Billionaire John Fredriksen’s Seadrill Ltd. invested $2 billion in the past two months on oil rigs, leading a jump in orders as safety concerns after BP Plc’s Gulf of Mexico disaster spur demand for newer platforms.
Seadrill, owner of the second-largest fleet of deepwater rigs, and others such as DryShips Inc. have ordered 20 deepwater and shallow-water rigs since BP’s Macondo well was plugged in July, raising global orders by 22 percent, according to data from Sanford Bernstein & Co. Deepwater rig rates have stabilized after a 30 percent plunge, and may return to pre-recession records within three years, consultant ODS-Petrodata said.
“No oil company wants to be the new BP,” said Kim Andre Uggedal, an analyst at Agilis Securities in Oslo. “The new order cycle is partly driven by Macondo, increased demand and favoring of newer assets.”
Offshore exploration from Brazil to Greenland is generating demand for rigs after oil prices more than doubled since the end of 2008. Yards have cut prices and finding financing has been easier after the global credit crisis ebbed. Newer platforms now fetch double the rate of older ones, ODS-Petrodata said.
“The entire drilling market is improving,” Alf Thorkildsen, Seadrill’s chief executive officer, said in telephone interview on Nov. 19. “There might be a bigger risk attached to being first out, but there’s also bigger potential.”
Seadrill this month ordered two ultra deep-water drillships, which can reach 12,000 feet (3,700 meters), at $600 million each for delivery starting in 2013. It has options for two more. The company also ordered four jack-up rigs for $780 million since October, with options for six more, and bought a high specification jack-up from Petrojack IV Pte. Ltd. today. Seadrill Chairman Fredriksen, who also heads the world’s biggest operator of supertankers, has a 28 percent stake in the company.
The company today reported a third-quarter profit growth of 8.3 percent to $352 million, beating analyst estimates of $346.5 million, and forecast “good growth and solid profitability” in the fourth quarter.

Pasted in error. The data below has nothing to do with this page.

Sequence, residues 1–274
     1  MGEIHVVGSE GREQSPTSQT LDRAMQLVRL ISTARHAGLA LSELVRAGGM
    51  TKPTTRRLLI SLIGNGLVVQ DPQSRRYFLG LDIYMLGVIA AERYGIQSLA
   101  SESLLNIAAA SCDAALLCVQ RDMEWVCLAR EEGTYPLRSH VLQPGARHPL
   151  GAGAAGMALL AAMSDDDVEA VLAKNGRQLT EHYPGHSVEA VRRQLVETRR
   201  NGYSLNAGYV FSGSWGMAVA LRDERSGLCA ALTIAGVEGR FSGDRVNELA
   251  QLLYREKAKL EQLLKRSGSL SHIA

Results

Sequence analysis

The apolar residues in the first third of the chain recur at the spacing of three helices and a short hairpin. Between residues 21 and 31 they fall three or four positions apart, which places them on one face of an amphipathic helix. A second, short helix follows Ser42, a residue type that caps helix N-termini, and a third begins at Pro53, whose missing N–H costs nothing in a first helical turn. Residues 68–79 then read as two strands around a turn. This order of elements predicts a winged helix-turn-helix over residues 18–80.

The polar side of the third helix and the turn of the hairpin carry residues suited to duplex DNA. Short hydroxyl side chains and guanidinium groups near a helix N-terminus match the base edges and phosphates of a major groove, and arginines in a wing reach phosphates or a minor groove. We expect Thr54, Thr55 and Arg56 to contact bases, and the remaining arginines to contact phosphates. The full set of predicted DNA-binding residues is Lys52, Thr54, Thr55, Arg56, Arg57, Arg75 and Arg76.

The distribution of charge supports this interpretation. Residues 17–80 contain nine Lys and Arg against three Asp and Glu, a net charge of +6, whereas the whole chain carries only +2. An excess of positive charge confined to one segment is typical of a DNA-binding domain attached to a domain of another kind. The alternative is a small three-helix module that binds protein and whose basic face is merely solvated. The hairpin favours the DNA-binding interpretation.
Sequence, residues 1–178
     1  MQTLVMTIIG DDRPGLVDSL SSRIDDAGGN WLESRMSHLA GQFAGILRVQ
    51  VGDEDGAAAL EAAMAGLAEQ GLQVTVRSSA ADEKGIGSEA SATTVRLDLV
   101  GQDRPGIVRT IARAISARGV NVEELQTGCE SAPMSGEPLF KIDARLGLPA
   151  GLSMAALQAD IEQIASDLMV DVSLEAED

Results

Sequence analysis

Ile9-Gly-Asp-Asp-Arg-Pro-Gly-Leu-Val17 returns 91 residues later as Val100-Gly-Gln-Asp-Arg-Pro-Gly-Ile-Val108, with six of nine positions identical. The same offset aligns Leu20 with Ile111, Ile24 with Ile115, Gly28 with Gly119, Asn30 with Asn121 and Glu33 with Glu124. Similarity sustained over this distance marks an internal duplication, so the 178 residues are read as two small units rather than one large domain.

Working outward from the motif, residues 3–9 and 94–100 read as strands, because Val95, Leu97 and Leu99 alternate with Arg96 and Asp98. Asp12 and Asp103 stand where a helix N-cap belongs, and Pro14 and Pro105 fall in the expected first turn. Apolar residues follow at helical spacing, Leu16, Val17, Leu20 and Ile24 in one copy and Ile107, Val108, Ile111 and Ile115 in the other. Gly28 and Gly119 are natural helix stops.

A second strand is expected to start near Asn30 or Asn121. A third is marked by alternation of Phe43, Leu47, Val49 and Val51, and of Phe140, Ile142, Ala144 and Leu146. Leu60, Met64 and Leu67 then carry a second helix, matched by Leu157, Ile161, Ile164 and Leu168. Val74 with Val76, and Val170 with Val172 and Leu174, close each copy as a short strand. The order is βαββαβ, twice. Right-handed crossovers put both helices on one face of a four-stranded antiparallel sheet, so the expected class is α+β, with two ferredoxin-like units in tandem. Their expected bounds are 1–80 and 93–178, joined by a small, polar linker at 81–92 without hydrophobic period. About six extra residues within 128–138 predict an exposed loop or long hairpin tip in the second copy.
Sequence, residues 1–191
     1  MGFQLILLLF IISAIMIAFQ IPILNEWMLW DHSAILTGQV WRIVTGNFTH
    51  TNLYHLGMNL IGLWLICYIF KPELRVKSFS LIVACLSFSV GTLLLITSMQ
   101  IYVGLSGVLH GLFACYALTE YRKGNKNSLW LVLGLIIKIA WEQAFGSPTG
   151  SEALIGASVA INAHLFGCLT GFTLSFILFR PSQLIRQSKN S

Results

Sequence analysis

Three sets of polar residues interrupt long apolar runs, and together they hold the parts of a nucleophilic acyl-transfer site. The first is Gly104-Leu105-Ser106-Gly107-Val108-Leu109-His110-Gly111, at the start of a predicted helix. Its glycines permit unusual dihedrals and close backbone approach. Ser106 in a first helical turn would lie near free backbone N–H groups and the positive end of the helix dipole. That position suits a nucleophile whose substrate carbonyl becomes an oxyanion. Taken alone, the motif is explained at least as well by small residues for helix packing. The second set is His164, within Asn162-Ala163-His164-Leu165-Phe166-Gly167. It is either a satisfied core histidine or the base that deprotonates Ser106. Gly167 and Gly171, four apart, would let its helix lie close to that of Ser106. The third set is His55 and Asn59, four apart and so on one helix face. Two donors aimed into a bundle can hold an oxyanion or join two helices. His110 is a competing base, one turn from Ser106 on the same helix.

Seadrill shares have gained 62 percent to 188 kroner in Oslo since reaching a year-to-date low on July 1. The strength of rig demand means the shares have further to go, said Ingolf Gillesdal, head of equity research at Nordea Securities, who has a target price of 207 kroner.
“There’s still upside potential as the long-term outlook is very, very good,” Gillesdal said on the phone from Oslo. “There’ll be new demand for deepwater rigs in 2012, so it’s good that we’re starting to get new ones built now.”
Other orders include two jack-ups by Atwood Oceanics Inc. as well as from Eurasia Drilling Co., according to Bernstein. DryShips took out an option last week for four drillships at $600 million each. Transocean Ltd., the largest rig company and owner of the Deepwater Horizon rig that blew up and sank at Macondo, this month agreed to buy a jack-up rig for $195 million for delivery in the fourth quarter of 2011.
Maersk Drilling, a unit of shipping company A.P. Moeller Maersk A/S, plans to order a rig every six months over the next year and a half, CEO Claus Hemmingsen said this month.
Petroleo Brasileiro SA, Brazil’s state-owned company, has leased 20 foreign rigs to start in the next two years as it seeks to pump oil from its so-called pre-salt fields, the biggest oil finds in the Americas since the 1970s. The U.S. has lifted the post-spill moratorium, allowing the restart of deepwater drilling there next year.
Built on Speculation
“Deepwater and ultra deepwater is where the resources are and that’s where the acreage is exciting,” said Jason Kenney, head of oil research at ING Commercial Banking in Edinburgh. “They want safe, secure, technically capable rigs and the more of them the better. There’s not enough of them at the moment.”
The risk for drillers is demand won’t rise enough to absorb the rigs ordered. In total, there are 43 jack-up rigs, which operate in shallower waters, and 60 floating rigs scheduled for delivery by 2013, Bernstein said in a Nov. 19 report. Sixty-five percent of the jack-ups are being built on speculation, without a contract, Bernstein said.
“It seems to be more supplier driven than demand driven, because the rigs aren’t being backed by contracts,” Scott Gruber, an analyst at Bernstein in New York, said by phone.
Still, rates on ultra-deepwater rigs may reach the pre- financial crisis level of $600,000 to $650,000 a day within three years from about $450,000 now, said Gavin Strachan, an Aberdeen-based consultant at ODS-Petrodata.
“The market is recovering a bit better than what we originally thought,” he said.